What really surprises me is the general shock that many have over the discovering of U.S. Secret Service agents frequenting prostitutes in Columbia prior to the U.S. president's arrival. First of all, I'm not entirely sure how this could be that surprising to anyone. If one is asked what groups are those most likely to frequent prostitutes, high on the list of responses would be, "Why, those in the armed forces, of course!" While the Secret Service might not be what people think of when they make that response, many in the Service are likely to have had military experience, as well as being in an occupation that would probably fit in the definition of an "armed force."
Scondly, why does the Secret Service hold such a revered reputation? One of the seemingly shocked is commentator Cal Thomas. He writes, "What about the honor and noble history of the Secret Service, created in 1865 to stop the spread of counterfeit currency, and the reputation of the nation [they] represent?" I would think that the main purpose of preventing counterfeit is to maintain the value and soundness of the currency, but with the Federal Reserve expanding the monetary base by trillions the activity of individual counterfeiters makes little difference. The Secret Service deserves little praise, if any at all, for that. And what of their other job, which is to protect POTUS from assassination, even if he happens to target other Americans for assassination? In reality, they seem to have little difference than bodyguards of a Mafia Don, except that those in the Mafia don't enjoy the facade of being legitimate.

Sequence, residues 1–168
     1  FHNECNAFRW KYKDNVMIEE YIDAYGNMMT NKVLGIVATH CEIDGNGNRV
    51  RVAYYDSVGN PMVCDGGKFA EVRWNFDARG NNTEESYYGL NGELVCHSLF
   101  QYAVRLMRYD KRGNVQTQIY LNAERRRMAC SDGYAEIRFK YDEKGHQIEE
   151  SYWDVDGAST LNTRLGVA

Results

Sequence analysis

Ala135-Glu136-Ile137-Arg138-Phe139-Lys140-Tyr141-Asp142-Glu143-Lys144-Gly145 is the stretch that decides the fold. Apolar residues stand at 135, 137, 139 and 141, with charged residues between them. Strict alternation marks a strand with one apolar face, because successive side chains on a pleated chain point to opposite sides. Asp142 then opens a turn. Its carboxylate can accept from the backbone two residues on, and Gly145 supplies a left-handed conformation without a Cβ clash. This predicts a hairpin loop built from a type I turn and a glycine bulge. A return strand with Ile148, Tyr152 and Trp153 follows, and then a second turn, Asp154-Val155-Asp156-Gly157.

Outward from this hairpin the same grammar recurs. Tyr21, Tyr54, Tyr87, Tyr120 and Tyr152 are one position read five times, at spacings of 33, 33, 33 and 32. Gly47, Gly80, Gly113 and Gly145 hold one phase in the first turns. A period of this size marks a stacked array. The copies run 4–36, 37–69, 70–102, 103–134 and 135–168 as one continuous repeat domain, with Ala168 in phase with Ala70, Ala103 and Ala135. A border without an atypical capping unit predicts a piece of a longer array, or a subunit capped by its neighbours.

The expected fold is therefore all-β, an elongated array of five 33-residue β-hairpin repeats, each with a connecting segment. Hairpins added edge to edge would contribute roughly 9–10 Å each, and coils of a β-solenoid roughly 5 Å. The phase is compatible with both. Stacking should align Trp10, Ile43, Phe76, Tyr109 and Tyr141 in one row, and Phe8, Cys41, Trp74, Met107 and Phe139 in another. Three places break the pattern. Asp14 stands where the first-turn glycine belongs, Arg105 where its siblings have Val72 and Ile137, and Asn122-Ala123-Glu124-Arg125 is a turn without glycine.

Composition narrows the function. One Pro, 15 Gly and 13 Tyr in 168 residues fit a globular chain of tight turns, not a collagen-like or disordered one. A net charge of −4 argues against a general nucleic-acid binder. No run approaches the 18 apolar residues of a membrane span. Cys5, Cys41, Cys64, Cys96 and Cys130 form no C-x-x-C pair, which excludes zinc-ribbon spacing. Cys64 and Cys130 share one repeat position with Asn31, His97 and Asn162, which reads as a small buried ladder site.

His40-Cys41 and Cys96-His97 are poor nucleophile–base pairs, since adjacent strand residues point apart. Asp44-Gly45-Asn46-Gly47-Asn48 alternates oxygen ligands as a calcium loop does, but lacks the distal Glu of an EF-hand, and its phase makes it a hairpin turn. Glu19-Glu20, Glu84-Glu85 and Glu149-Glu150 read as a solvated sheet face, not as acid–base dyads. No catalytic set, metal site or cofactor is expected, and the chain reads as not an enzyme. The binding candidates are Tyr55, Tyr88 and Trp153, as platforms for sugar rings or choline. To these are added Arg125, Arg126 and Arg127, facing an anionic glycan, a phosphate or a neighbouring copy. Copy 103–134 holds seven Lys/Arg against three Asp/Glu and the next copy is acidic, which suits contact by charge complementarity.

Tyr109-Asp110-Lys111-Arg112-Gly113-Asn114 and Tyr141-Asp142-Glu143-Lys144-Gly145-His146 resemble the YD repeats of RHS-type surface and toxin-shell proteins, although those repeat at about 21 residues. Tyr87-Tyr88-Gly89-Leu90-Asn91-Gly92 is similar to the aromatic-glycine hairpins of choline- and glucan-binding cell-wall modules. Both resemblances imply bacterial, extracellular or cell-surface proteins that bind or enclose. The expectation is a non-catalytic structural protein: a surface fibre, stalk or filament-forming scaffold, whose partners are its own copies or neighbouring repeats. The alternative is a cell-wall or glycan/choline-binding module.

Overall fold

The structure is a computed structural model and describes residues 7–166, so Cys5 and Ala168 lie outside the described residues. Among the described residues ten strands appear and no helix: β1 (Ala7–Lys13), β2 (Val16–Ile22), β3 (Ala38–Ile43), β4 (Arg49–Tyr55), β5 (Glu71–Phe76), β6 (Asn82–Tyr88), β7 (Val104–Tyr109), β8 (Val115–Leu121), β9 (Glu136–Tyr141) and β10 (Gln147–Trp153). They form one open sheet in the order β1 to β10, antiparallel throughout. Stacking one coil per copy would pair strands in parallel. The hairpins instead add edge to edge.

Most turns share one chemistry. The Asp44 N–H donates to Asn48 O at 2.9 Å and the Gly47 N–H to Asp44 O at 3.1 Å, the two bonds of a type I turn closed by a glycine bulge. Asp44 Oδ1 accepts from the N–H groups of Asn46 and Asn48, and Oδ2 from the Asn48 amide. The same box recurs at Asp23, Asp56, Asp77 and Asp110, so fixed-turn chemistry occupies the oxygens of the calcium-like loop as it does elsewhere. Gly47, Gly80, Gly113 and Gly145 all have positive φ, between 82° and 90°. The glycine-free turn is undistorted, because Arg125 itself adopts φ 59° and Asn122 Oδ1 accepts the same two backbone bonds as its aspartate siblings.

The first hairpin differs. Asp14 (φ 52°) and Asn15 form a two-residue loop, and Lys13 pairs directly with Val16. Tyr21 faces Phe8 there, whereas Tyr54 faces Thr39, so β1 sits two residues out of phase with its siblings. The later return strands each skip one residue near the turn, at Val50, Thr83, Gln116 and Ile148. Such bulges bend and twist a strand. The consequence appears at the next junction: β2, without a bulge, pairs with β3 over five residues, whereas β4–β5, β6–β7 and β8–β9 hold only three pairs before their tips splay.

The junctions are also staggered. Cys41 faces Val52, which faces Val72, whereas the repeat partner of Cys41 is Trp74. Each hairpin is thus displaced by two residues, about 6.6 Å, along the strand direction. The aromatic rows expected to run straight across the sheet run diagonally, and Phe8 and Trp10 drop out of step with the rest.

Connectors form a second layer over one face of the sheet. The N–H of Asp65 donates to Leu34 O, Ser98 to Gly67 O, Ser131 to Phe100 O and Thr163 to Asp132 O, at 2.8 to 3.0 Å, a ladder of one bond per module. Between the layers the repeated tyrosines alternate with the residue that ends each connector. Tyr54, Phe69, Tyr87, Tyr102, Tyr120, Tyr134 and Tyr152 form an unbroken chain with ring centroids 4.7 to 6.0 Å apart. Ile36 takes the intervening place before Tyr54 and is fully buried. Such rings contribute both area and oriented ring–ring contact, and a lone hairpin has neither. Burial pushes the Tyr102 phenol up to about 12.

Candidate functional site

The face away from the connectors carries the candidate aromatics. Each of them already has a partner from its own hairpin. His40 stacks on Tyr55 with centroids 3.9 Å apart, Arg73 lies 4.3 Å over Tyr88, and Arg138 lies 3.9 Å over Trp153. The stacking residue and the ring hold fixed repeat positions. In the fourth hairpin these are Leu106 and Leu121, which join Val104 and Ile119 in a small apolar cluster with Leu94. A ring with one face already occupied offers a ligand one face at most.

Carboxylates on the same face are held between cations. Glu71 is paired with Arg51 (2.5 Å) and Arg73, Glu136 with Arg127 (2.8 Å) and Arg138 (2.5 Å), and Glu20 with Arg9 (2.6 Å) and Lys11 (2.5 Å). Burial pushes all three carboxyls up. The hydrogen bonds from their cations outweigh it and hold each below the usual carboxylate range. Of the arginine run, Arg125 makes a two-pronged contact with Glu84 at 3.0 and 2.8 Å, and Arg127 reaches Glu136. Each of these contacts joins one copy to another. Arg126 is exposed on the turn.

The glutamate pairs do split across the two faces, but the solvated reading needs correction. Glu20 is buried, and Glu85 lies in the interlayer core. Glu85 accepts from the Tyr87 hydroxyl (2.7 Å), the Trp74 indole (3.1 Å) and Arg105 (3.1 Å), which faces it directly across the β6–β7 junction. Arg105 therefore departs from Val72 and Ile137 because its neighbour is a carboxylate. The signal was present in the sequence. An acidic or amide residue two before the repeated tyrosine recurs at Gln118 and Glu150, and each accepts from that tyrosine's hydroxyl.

Though I don't support the institution of prostitution (while also maintaining that such activities between consenting adults should nonetheless be legal), I am glad that it could be used for good in this case. That good is the fact that the Secret Service has egg on its face and will lose much of the undeserved respect that it has had in the minds of those who don't know any better.